The drug commonly used for enjoyment and coping purposes may lead to cognitive, sleep and other somatic issues
By KATIE HELLMAN — firstname.lastname@example.org
Cannabis, also frequently referred to as marijuana, weed or pot, is the most commonly used federally illegal drug in the United States. Marijuana affects parts of the brain that control movement, memory, learning and decision-making. It is considered a Schedule One substance under the Controlled Substances Act, meaning it meets the requirements of having a high abuse potential and is not approved for federal medical use. It is currently legalized for medicinal and recreational use in 24 states as well as the District of Columbia.
UC Davis Health researchers and scientists at the University of Washington surveyed teenagers in a six-month-long study published in Psychology of Addictive Behaviors that aims to provide insight into why young people use cannabis.
“The study tested whether internal cannabis motives (coping and enjoyment) mediated longitudinal associations between cannabis demand, use (hours high), and negative consequences,” the study reads. “Mediation models revealed that enjoyment motives mediated the association between amplitude and persistence and use. In addition, coping motives mediated the association between amplitude and negative consequences.”
The greater the demand and desire that teenagers had for cannabis, the more likely they were to use it for enjoyment and coping purposes, according to the results of the study. The teenagers who fell into this category were also more likely to use greater amounts of the drug and suffer from negative side effects.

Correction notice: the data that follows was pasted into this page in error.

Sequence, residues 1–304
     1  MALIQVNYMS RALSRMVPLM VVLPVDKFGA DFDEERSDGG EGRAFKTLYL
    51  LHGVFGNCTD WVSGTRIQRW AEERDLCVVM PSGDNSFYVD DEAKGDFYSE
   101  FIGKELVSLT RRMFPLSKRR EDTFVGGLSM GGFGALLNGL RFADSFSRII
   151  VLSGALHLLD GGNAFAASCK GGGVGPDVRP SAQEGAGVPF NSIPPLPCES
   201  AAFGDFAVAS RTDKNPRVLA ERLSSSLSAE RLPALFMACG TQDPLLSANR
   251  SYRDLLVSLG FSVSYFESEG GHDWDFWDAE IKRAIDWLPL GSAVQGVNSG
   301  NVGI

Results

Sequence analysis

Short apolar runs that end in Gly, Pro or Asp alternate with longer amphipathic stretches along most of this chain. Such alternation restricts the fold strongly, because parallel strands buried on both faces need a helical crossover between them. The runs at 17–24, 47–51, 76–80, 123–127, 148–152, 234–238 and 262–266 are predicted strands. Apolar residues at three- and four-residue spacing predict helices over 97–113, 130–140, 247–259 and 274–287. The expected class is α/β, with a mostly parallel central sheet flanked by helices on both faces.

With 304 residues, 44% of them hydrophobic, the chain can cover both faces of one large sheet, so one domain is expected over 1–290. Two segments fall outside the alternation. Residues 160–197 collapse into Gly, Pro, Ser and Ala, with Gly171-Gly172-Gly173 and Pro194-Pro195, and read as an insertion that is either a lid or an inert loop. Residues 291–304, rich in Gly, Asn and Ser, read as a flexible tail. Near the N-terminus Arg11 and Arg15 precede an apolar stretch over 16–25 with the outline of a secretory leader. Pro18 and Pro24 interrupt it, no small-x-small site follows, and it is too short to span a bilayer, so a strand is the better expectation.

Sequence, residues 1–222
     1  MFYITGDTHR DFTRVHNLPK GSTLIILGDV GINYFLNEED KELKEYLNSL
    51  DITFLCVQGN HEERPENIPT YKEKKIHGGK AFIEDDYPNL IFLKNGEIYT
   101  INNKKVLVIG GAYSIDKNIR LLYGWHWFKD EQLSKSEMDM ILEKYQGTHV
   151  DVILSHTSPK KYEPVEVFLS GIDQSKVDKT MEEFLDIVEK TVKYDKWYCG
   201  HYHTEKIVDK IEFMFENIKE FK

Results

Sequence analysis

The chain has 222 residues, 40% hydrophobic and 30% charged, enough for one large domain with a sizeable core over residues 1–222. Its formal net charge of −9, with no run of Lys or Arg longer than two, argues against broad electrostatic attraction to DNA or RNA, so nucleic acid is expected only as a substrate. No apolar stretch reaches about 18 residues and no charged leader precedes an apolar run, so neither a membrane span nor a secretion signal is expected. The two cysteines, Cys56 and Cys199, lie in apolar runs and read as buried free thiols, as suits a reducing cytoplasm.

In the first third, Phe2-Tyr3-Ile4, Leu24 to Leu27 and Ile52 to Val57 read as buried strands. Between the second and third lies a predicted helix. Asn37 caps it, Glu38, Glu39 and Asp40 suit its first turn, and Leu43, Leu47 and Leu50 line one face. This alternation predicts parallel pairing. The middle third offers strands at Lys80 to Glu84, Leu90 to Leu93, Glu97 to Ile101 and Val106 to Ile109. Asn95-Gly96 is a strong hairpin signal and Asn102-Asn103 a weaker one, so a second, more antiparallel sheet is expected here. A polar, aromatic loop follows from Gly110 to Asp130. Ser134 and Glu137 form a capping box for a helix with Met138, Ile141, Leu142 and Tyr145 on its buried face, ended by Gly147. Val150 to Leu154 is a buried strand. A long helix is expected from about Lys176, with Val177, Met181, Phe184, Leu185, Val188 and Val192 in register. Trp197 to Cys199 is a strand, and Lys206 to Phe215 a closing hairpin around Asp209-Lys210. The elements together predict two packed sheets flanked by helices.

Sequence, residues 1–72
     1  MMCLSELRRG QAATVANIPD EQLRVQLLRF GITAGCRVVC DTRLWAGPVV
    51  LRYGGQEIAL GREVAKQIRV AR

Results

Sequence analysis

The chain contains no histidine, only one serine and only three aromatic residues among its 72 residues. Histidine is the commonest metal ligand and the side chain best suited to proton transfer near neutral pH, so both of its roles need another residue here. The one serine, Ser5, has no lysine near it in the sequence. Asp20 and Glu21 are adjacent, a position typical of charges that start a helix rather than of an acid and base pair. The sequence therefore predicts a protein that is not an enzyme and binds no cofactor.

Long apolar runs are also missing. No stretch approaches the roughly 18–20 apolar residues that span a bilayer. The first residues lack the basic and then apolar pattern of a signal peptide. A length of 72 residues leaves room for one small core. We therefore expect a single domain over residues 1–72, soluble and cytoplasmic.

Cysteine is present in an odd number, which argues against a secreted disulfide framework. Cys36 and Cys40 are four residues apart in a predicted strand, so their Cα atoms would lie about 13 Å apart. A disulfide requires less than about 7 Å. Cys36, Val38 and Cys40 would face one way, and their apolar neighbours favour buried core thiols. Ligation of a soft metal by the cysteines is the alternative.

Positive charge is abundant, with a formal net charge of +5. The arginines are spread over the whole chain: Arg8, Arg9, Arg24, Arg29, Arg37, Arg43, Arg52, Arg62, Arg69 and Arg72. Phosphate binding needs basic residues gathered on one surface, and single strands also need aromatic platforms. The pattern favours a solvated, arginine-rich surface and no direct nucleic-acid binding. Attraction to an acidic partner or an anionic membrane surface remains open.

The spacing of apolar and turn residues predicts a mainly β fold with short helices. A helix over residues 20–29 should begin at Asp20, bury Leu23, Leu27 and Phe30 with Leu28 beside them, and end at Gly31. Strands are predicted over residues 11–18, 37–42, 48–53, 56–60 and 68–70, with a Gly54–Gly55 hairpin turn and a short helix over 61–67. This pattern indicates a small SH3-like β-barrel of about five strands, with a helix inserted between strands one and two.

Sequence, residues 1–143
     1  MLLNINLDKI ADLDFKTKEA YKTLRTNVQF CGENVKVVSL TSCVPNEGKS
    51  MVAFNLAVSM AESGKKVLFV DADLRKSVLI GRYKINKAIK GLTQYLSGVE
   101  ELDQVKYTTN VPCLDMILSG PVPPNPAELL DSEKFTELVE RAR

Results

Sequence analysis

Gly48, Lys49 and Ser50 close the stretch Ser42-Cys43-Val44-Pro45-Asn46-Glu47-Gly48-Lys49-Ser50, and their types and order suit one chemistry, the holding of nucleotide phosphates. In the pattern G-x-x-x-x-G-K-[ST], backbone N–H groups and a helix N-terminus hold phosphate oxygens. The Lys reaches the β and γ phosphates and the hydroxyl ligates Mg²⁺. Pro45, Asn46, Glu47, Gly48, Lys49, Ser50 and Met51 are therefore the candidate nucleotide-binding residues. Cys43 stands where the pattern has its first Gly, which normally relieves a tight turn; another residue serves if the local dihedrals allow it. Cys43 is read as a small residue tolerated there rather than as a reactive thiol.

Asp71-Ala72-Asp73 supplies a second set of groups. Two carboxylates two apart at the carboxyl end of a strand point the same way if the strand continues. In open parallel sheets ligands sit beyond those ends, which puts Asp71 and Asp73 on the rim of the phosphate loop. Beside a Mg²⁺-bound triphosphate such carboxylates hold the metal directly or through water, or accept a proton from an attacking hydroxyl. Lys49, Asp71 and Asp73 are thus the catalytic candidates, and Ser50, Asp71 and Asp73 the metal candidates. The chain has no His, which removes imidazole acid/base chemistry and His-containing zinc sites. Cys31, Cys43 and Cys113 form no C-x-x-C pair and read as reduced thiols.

A study detailing the self-reported consequences of marijuana use revealed that issues with productivity, relationships, paranoia and time management skills were only some of the problems experienced by marijuana users.
“Sleep and cognitive (including attention and concentration), motivational, and memory issues were the most frequently listed self-generated negative effects of marijuana among this sample of young adult students,” the study reads. “Other self-generated types of consequences included eating (e.g., eating too much), problems with lungs or coughing, feeling antisocial or experiencing social awkwardness, physical difficulties (e.g., feeling dizzy, sick, uncoordinated), not getting things done, and spending too much money.”
Cannabis is currently a public health concern; about 15 percent of teenagers report marijuana use in the past month and about 9 percent of users become addicted. The risk of eventually becoming addicted to cannabis or developing a cannabis use disorder increases if the age of onset of cannabis use is younger.
“Marijuana is linked to school failure… Compared with their peers who don’t use, students who smoke marijuana tend to get lower grades and are more likely to drop out of high school,” the National Institute on Drug Abuse marijuana brochure reads. Additionally, “high doses of marijuana can cause psychosis or panic when you’re high” and “can worsen psychotic symptoms in people who already have the mental illness schizophrenia, and it can increase the risk of long-lasting psychosis in some people,” according to the brochure.
Despite the addictive nature of marijuana, users who wish to limit or eliminate their drug use can do so with the help of methods like behavioral therapy, psychoeducation and inpatient or outpatient programs.
Written by: Katie Hellman — email@example.com